As part of the updates to America’s nuclear arsenal, the government is also planning to replace nuclear-armed submarines and bombers. If we assume that the Defense Department is critically analyzing the number of systems needed, this makes far more sense than replacing ICBMs. The submarine force alone is sufficient to deter our enemies and will be for the foreseeable future. But as technology advances, we have to recognize the possibility of new threats to submarines, especially cyberattack and detection by swarms of drones. The new submarine program should put a special emphasis on improvements to deal with these potential threats, assuring the survivability of the fleet for decades to come.

The new stealth bomber will provide a backup to submarines. This is not likely to be necessary, but the bomber force is a good insurance policy. The new bomber would be capable of carrying out either conventional or nuclear missions. But the development of new air-launched nuclear cruise missiles, which has been proposed, is unnecessary and destabilizing. We can maintain an effective bomber force without a nuclear cruise missile.

Instead of overinvesting in nuclear weapons and encouraging a new arms race, the United States should build only the levels needed for deterrence. We should encourage Russia to do the same. But even if it does not, our levels of nuclear forces should be determined by what we actually need, not by a misguided desire to match Moscow missile for missile. If Russia decides to build more than it needs, its economy will suffer, just as during the Cold War.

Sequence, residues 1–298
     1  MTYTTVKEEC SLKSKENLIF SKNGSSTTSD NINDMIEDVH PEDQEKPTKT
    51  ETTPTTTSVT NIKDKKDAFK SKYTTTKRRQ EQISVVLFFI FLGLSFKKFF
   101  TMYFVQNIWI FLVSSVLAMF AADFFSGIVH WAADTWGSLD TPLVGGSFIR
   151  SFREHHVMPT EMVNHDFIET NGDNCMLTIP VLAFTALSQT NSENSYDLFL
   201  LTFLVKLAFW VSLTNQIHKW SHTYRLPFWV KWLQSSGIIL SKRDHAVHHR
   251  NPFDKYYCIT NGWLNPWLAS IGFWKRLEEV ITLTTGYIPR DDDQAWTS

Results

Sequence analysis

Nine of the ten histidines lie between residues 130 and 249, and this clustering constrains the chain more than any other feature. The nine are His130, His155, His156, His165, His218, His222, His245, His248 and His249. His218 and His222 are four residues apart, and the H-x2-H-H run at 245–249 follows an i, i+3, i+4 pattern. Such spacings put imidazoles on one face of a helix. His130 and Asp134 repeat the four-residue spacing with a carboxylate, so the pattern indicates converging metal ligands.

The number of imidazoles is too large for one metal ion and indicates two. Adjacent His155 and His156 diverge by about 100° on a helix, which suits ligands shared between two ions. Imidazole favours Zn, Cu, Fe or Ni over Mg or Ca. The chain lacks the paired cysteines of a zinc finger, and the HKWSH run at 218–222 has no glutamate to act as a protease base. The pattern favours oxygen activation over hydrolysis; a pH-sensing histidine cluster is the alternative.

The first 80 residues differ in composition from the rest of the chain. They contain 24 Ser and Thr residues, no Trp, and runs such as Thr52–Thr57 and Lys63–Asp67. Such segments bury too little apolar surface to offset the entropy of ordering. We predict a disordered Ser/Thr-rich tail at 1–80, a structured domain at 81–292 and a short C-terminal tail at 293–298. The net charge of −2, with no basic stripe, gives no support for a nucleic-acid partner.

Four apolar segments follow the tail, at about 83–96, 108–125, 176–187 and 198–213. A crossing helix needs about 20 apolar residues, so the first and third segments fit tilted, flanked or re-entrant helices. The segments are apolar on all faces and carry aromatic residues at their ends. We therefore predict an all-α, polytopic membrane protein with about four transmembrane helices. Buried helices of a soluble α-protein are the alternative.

The Obama administration says it is looking for ways to reduce nuclear dangers. If this examination leads to a reduction in planned nuclear programs and costs, it would be consistent with the Democratic Party’s new platform, which states that the party “will work to reduce excessive spending on nuclear weapons-related programs that are projected to cost $1 trillion over the next 30 years.”

In addition, 10 senators recently wrote to the president, calling on the administration to “scale back plans to construct unneeded new nuclear weapons and delivery systems.” A similar letter from House members warns that the nuclear plan may be “neither affordable, executable, nor advisable.”

Russia and the United States have already been through one nuclear arms race. We spent trillions of dollars and took incredible risks in a misguided quest for security. I had a front-row seat to this. Once was enough. This time, we must show wisdom and restraint. Indeed, Washington and Moscow both stand to benefit by scaling back new programs before it is too late. There is only one way to win an arms race: Refuse to run.

– William J. Perry was secretary of defense from 1994 to 1997. His recent memoir is “My Journey at the Nuclear Brink.”

Advertisements

Leave a Reply

Fill in your details below or click an icon to log in:

WordPress.com Logo

You are commenting using your WordPress.com account. Log Out / Change )

Twitter picture

You are commenting using your Twitter account. Log Out / Change )

Facebook photo

You are commenting using your Facebook account. Log Out / Change )

Google+ photo

You are commenting using your Google+ account. Log Out / Change )

Connecting to %s

%d bloggers like this: